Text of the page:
Thursday, June 12, 2014
Firing Up Your Grill This Summer? These 8 tips can help you avoid unhealthy carcinogens.
Most people know that grilling is healthier than frying. But did you know that grilling does not eliminate all health risks?
Two carcinogens, known as Heterocyclic amines (HCAs) and Polycyclic aromatic hydrocarbons (PAHs) can form in and on your food as you grill.
Heterocyclic amines (HCAs) form in protein-rich foods cooked at very high temperatures. Polycyclic aromatic hydrocarbons (PAHs) form as a result of fat dripping off, creating smoke that circulates around the food. This smoke deposits the PAHs onto your food. These compounds are dangerous because studies suggest that they can damage DNA and spark the development of cancerous tumors.
Although these carcinogens are dangerous, that doesn’t mean we should put away our grills just yet- especially with the 4th of July right around the corner!
Here are 8 tips you can use to make sure your grilling efforts remain healthy:
o HCA’s begin to form at 325 degrees Fahrenheit, so cook your meat at a lower temperature.
o The shorter the cooking time at high heat, the healthier.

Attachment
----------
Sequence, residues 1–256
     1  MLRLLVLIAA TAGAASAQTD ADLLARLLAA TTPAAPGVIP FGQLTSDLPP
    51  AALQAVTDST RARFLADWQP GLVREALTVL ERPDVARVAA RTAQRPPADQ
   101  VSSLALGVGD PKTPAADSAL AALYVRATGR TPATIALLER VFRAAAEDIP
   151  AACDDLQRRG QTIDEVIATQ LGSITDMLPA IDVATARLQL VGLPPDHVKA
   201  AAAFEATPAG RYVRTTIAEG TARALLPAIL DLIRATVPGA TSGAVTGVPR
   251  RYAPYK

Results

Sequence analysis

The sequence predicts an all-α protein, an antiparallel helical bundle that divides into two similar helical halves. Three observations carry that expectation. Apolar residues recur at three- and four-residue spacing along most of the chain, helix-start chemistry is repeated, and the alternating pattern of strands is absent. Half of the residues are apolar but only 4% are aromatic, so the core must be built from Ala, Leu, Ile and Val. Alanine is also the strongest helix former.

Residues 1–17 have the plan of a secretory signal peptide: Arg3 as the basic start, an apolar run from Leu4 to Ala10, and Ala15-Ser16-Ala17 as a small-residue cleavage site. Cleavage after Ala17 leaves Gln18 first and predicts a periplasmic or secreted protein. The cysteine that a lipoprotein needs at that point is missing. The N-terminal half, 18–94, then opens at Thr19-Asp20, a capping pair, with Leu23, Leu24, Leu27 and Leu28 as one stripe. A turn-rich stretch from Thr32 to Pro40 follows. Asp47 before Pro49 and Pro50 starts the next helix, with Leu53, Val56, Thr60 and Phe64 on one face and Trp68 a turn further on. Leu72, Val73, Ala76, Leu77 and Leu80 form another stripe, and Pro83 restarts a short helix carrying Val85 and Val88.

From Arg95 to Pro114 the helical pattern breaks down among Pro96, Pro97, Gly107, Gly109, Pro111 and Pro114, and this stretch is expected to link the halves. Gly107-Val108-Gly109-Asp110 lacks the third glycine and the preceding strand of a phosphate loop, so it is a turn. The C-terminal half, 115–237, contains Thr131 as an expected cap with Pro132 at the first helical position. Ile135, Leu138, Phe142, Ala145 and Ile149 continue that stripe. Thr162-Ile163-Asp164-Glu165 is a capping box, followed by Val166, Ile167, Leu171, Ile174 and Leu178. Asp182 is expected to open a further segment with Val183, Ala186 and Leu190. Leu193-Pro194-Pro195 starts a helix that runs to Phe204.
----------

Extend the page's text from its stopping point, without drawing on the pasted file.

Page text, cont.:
o Select leaner cuts of meat to decrease the amount of fat that drips off.
o Scrape off any charred parts of your food.
o Clean your grill every time before use, to decrease any charred remnants from transferring onto your meal.
o By covering the grill plates with perforated foil, you could decrease the amount of smoke that reaches your food while still allowing the fat to drip.
o Avoid piercing the meat, as this allows more fat to drip and smoke to billow.
o Marinate your meat at least 30 minutes before grilling, as this seems to limit the carcinogen formation by up to 90%. Some spices even offer protection from these formations, such as rosemary, thyme, sage, garlic and red pepper. However, marinades with a lot of sugar can reverse this effect and tend to increase formations.
Go fire up that grill and enjoy a healthy summer!